The car business is about to take us all on a wild ride. Autonomous vehicles will challenge industry business models. Electric propulsion will challenge the global economy.
I talked last week about how the current investment and political environment is starting to resemble the Gilded Age of the 1880s-1910s. There is so much innovation going on, and fortunes being made, that it’s like the dawn of mass transportation and information all over again.
This move to electric powertrains in cars, buses and trucks is going to be unstoppable as it makes so much sense, just like the development of the first automobiles. Electric vehicles (EVs) are better for the environment, safer, better for the U.S. trade deficit and EVs are a blast to drive.
Back at the turn of the last century, the growth of the automobile market — against the entrenched interests of the horse and buggy industry — was also front and center. Looking back, we can see that General Motors (GM) and Ford (F) were ultimately big winners due in part to their innovation of new factory, business and financing practices. But there were originally more than 50 competing auto manufacturers who presented propulsion schemes ranging from steam and electricity to gasoline and diesel. None were a lock. And now electric is coming back, and I suspect the transition will deliver gains now similar to what industrialists and investors in the Gilded Age enjoyed.
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|Car companies know autonomous vehicles will bring lower sales.|
That is going to change. Car companies know autonomous vehicles are coming. That will bring lower sales and a new Mobility-as-a-Service business model in which EVs will be sought after.
Veteran venture capitalist Steve Jurvetson told an audience that Uber Chief Exec Travis Kalinick recently told him that in 2020, if Teslas are autonomous, he’d want to buy every single one of them — 500,000 of estimated 2020 production. “I’d want them all,” he said.
That type of enthusiasm is not lost on auto company honchos. They see EVs as their path to MaaS fleet sales. Toyota chief exec Akio Toyoda, is personally overseeing EV expansion. Volkswagen wants EVs to represent 25% of sales by 2025. Ford said it would invest $4.5 billion by 2020.
While the rise of electric cars now seems inevitable, it will have a devastating impact on long-term fossil-fuel demand.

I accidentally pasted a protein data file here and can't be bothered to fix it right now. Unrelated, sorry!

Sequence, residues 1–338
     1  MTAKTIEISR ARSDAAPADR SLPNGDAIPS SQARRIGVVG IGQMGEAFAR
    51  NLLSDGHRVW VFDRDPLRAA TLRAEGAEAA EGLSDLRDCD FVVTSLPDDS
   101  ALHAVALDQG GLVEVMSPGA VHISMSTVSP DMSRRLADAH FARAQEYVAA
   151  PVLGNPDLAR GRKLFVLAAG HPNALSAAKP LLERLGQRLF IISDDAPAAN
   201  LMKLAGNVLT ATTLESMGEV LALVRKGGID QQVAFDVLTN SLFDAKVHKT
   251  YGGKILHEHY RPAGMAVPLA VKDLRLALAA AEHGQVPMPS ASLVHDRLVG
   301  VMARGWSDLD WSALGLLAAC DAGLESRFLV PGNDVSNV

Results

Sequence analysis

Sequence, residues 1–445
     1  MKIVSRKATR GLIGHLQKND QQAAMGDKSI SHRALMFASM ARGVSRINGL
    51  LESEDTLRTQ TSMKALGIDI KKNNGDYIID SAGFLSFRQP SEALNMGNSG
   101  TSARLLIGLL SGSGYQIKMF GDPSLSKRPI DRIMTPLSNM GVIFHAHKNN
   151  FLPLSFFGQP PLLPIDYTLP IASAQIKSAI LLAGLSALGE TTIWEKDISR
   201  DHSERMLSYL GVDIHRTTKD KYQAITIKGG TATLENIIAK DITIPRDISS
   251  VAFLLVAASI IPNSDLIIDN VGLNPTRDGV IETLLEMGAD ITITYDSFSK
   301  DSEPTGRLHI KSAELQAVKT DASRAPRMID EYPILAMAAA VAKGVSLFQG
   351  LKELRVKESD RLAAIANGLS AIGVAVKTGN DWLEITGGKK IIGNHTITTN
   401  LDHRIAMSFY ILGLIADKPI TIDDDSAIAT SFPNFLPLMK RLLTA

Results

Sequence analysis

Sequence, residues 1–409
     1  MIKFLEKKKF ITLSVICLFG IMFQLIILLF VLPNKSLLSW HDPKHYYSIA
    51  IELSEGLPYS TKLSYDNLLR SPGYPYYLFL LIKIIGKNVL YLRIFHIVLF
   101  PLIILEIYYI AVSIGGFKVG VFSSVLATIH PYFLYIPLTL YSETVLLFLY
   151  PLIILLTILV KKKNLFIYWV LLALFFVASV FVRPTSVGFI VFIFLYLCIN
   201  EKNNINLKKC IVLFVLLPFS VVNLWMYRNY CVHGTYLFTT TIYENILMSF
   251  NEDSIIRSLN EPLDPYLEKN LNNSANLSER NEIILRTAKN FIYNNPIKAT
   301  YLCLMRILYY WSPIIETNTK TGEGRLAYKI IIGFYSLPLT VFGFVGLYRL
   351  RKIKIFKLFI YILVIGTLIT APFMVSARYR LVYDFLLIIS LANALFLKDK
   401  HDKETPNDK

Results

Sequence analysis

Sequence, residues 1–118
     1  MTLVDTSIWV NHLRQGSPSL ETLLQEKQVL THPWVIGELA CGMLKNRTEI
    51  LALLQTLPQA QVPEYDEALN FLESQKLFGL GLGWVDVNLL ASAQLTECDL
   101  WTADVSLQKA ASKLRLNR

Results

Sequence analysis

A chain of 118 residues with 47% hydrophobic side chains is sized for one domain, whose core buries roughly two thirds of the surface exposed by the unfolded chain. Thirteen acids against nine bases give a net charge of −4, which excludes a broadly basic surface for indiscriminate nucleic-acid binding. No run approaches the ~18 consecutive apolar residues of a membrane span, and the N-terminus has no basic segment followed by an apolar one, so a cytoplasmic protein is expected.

When the K Wave crashes into the American economy … You’ll either be one of the lucky few who are rich and secure; or one of the millions who are hungry, desperate, and afraid. Now you might be tempted to say, “Dow 31,000 sounds pretty good to me, Larry, I’ll just hold onto my U.S. stocks and watch them double in value.” In other words, you might be tempted to sit tight and do nothing. But sitting tight is the worst thing you could do, for three reasons … to find out what those reasons are click here before it’s too late! -Larry Edelson
In February, Bloomberg analysts predicted EVs will reach price parity with internal combustion vehicles by 2022. More important, many of these models will have better performance. Add that to operational advantages and it’s tough to see why most people would opt for anything else. They are fun to drive — featuring terrific acceleration and nimble steering due in part to their lighter weight.
Based on trends and forecasts that take into account MaaS, Bloomberg analysts suggest EVs could create a 2 million barrel/day glut of oil as early as 2023. And that is where the unintended consequences get tricky.
Even Tesla founder Elon Musk concedes political advantages make it difficult to replace fossil fuels as the main source of energy. However, oil prices are governed by margins. A significant longer-term glut would ravage prices, force producers to give up on costly projects and flip the power structure in global politics. It would also wreak havoc with the U.S. petrodollar equation, but we will leave that for another day.
This is a big deal, like identifying the auto industry as an opportunity in 1910. We know electric vehicles are coming. We know why. Now we just have to wait to see if politics will intervene, and how it will affect our investment choices. My guess is that the more innovative and progressive auto parts makers, like Magna Intl (MGA) of Canada, may be a better bet than car makers as they shift production toward higher margin pieces like electric powertrains.
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